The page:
Saturday, August 25, 2012

History, Blasphemy, and Russia

Dear Parish Faithful,

I was gathering some more information so as to write a reflection/opinion on the recent controversy in Russia generated by the female singing group with the unfortunate name of “Pussy Riot” (wince).  As you probably know, these three women were recently sentenced to two years in prison for their “protest song and dance” inside the Cathedral of Christ the Savior in Moscow.  They were arrested, tried and convicted of “hooliganism and blasphemy.”  However, as I was trying to gather some more background information, someone sent me the following article written by Frederica Mathewes-Green, the prolific Orthodox author who always has something interesting and insightful to say about her chosen topics.  She has one particular approach to this event, and that is to offer a brief historical sketch that will allow to bring some context to this controversial “performance” inside of a church.  That context is very helpful because it allows us to understand the offensiveness of how the women chose to protest the rule of Vladimir Putin, and even the newly-established relationship between the government and the Russian Orthodox Church.  For the moment, then, we can all read Frederica Mathewes-Green’s article.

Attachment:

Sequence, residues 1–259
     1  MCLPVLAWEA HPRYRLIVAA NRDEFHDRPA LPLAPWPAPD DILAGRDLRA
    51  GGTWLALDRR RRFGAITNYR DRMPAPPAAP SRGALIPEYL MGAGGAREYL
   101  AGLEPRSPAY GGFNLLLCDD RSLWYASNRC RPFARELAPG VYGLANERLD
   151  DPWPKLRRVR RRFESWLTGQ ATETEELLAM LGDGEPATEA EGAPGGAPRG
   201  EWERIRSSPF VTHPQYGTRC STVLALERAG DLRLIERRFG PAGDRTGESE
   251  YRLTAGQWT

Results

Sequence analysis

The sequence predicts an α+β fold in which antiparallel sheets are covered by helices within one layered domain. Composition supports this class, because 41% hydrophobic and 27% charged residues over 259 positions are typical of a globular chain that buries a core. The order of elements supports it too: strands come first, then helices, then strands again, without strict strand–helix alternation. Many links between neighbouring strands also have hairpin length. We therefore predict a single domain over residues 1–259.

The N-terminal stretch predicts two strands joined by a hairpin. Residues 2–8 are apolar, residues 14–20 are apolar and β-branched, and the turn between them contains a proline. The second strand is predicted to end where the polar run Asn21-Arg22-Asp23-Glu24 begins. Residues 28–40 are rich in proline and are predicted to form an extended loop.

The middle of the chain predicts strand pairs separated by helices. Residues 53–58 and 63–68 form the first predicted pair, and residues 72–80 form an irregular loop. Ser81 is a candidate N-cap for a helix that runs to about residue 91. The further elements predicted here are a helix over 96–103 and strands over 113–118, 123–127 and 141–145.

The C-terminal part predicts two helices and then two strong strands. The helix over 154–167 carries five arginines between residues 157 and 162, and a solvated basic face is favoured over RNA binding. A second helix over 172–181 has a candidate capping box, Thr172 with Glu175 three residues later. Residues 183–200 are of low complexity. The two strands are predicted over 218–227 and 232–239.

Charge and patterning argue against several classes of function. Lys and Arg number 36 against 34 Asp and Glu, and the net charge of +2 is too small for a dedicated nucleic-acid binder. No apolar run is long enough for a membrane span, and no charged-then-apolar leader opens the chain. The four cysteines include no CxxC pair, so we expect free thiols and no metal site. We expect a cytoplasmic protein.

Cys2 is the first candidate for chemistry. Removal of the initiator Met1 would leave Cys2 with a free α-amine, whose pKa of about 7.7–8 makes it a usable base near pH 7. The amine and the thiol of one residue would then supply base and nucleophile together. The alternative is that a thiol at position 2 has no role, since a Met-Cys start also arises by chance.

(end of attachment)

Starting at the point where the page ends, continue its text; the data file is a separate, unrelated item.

Personally, I wish that the women chose a different forum for their protest – even outside in front of the church would have been more appropriate for a public demonstration against the government.  Be that as it may, I fully agree with Mathewes-Green’s opinion that the women should not have received a prison sentence as punishment.  All things considered, I believe that that was far too harsh.  Community service of some sort – directly related to the Church? – would have been much more appropriate, I believe.   At least, though not until after the sentencing by the judge if I am not mistaken, the Church issued an official statement asking for mercy from the civil authorities.  Perhaps the Church was hoping that the judicial system would commute the sentence when all was said and done.

I haven’t read anything about the case for a couple of days now, so if you have any more information that would update or correct my brief comments above, please share them with me.

Fr. Steven


The Original post can be found here.

History, Blasphemy, and Russia
Wednesday, August 22, 2012
Frederica in Arts, Orthodoxy, The Culture
[August 22, 2012]

 When the “Pussy Riot” protesters were sentenced last week for their performance in Christ the Savior Cathedral in Moscow, a friend asked me why Orthodox Christians were so upset about what they’d done. For him, this was clearly a political protest. It was aimed at a too-close entwining of church and state, so it took place in a church. What’s the big deal?

 But, in practice, there’s a difference. If you protest at a government building, you impact people in that government. If you protest at a business, you impact people in that business. But when you protest at a church, you don’t hit only those in power. You hit all the ordinary people, too, the ones who don’t have any influence or power. They come to church on a weekday afternoon just to pray, because they’re worried or sad about something. When someone mocks their faith it wounds them. It wounds their fellow-believers all over the world, who have no connection at all to the target of the protest.